Do's and don'ts for insulating an attic
Q. I just got a bid for insulation of my 824-square-foot attic for $1,200.
That seems pretty high. The contractor would blow in cellulose insulation. But you have said that expandable foam against the roof is better. Is the expandable foam you mentioned nontoxic? We have people in our home with upper-respiratory sensitivities.
A. For new construction, foam is an ideal choice, but in existing homes insulating the underside of the roof's decking with foam is costly; sometimes two to three times that of conventional insulation. In addition, the existing attic insulation should be removed and a heating/cooling duct installed to control and condition the attic space. There is no outgassing of the expanding foam insulation.
The price charged by a contractor will vary from city to city depending on wage rates, the complexity of the job and how much material will be required to gain the R-rating you need.
The R-rating is the resistance to thermal transfer, and the higher the R-rating the better, but the insulation should never touch the underside of the roof's decking. A baffle should be installed between the rafters where the roof's decking is close to the attic's floor to provide airflow from the home's soffit vents and to prevent contact between the blown-in insulation and the decking.
If you choose foam insulation, there is no need for the baffles because all of the decking would be covered. I did a quick check at one of the big-box stores and found the following: a bag of loose-fill fiberglass insulation is selling for $31.79 and it would require 13 bags to cover 824 square feet of attic space to a depth of approximately 12 inches. The cost of blown-in cellulose would be similar and it is installed using the same type of equipment as fiberglass. The 13 bags of fiberglass would give you an estimated R-30 rating in addition to the insulation you already have. Your estimate of $1,200 appears to be reasonable. Thirteen bags of insulation would cost you $413.27 plus tax, leaving around $700 for the contractor's labor and profit.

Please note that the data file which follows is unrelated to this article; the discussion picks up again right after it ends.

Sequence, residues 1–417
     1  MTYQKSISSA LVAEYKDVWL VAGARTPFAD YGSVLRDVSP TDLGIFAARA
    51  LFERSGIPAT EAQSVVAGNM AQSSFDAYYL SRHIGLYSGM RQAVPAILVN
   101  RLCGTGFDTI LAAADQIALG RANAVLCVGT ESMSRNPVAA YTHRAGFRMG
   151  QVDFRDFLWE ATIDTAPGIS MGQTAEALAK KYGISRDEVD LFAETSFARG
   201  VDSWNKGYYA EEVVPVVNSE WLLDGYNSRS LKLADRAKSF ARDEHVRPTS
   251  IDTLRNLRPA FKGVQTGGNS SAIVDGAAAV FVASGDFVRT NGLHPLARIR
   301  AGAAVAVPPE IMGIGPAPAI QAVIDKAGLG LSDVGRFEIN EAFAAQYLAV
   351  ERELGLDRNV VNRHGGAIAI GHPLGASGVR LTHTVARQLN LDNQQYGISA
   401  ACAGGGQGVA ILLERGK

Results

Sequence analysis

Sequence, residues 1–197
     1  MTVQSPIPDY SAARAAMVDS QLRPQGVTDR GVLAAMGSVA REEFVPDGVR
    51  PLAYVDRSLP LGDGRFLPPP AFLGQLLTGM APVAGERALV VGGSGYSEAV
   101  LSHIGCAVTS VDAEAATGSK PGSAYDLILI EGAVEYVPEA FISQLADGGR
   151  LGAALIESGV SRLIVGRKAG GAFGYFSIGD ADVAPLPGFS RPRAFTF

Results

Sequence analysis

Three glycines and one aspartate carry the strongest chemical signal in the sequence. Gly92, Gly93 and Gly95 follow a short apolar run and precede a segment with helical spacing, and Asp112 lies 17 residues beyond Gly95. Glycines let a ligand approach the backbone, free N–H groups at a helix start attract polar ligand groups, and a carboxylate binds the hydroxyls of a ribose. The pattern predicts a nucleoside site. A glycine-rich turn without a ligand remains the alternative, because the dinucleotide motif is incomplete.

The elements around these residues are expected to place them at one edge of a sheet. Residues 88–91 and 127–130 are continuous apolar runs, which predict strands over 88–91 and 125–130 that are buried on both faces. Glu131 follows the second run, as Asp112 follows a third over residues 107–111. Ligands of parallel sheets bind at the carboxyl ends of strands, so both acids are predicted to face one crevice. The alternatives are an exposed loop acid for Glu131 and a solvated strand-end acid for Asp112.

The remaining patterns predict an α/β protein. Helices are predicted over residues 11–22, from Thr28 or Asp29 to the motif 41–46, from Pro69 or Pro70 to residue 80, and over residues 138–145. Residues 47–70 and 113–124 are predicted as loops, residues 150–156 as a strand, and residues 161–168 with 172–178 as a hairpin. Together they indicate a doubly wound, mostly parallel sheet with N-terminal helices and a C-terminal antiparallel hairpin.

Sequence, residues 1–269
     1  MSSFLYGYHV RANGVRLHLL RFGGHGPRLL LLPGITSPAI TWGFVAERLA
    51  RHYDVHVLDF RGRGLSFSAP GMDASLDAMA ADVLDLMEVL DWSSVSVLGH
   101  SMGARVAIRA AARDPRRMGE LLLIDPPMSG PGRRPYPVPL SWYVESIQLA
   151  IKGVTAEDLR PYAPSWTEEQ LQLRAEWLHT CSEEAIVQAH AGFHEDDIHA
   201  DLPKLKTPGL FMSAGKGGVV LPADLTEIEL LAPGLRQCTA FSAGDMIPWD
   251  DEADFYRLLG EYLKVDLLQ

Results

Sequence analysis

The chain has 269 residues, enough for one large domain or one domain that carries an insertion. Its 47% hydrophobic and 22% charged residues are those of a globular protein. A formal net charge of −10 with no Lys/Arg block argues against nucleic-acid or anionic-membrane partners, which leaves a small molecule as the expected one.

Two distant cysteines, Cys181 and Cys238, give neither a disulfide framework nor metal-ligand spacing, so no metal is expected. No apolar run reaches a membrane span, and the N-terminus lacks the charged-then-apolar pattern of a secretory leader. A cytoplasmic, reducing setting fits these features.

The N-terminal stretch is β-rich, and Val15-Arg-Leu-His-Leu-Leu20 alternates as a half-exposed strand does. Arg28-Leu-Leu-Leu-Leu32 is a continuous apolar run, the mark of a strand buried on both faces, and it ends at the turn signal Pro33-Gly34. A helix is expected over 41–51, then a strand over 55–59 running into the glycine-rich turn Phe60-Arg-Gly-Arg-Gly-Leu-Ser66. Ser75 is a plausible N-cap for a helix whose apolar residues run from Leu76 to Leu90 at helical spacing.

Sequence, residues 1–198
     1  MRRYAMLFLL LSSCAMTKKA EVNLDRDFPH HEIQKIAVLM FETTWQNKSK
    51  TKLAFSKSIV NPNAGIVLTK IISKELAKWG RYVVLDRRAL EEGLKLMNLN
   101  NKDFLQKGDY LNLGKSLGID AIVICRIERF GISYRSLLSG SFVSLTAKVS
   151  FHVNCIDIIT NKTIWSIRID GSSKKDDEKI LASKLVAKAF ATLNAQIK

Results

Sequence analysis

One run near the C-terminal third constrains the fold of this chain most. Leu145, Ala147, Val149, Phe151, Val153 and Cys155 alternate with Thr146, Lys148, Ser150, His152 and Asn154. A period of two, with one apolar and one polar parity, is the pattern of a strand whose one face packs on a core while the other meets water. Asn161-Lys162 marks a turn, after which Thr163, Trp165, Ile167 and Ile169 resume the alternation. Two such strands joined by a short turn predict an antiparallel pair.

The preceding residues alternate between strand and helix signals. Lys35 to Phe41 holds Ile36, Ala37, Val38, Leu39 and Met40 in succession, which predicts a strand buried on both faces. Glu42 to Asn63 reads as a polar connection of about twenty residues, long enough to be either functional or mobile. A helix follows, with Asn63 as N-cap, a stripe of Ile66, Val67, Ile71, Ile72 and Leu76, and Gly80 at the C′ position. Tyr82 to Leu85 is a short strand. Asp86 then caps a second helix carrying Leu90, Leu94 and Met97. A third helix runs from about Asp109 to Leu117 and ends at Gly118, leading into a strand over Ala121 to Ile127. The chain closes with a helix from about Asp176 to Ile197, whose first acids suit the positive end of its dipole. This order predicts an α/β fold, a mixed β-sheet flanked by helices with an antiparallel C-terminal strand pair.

A common rule of thumb for estimating a small job is to take the costs of the material and double it for the labor and profit. Not a scientific method, but one often used by various contractors.
I would recommend you get at least three bids to compare, making sure each contractor is licensed (where required) and insured. Before hiring a contractor, contact your local Better Business Bureau for information on the contractor's business -- and always get references from the contractor and contact his customers to see if they were satisfied with the work.
If you decide to do the work yourself, some home stores will loan you the equipment to install the insulation if you purchase a certain amount of the product. It takes at least two people to do the installation if you have communication devices such as handheld radios or three people with one being the communicator. You have to know when to add insulation to the blower and when to stop.
• Dwight Barnett is a certified master inspector with the American Society of Home Inspectors. Write to him with home improvement questions at d.Barnett@insightbb.com.
Scripps Howard News Service
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